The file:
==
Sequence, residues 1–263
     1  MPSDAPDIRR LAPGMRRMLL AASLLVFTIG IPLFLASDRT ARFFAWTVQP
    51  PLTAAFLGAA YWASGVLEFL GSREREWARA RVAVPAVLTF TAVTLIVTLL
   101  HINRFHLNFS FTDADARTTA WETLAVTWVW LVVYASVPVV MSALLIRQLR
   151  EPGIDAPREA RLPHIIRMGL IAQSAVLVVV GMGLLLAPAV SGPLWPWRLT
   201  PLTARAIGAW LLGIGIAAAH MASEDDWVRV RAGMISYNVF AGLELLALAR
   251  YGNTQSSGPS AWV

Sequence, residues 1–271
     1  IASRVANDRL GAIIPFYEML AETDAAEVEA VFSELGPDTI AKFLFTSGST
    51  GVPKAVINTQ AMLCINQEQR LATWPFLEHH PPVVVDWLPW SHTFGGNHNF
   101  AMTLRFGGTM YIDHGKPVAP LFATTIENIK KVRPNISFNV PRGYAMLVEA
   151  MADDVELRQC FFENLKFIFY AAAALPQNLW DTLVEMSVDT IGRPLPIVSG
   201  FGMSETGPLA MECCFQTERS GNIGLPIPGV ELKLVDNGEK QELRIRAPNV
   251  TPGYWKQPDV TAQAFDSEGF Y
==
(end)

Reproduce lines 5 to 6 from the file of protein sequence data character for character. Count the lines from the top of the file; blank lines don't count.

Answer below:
   151  EPGIDAPREA RLPHIIRMGL IAQSAVLVVV GMGLLLAPAV SGPLWPWRLT
   201  PLTARAIGAW LLGIGIAAAH MASEDDWVRV RAGMISYNVF AGLELLALAR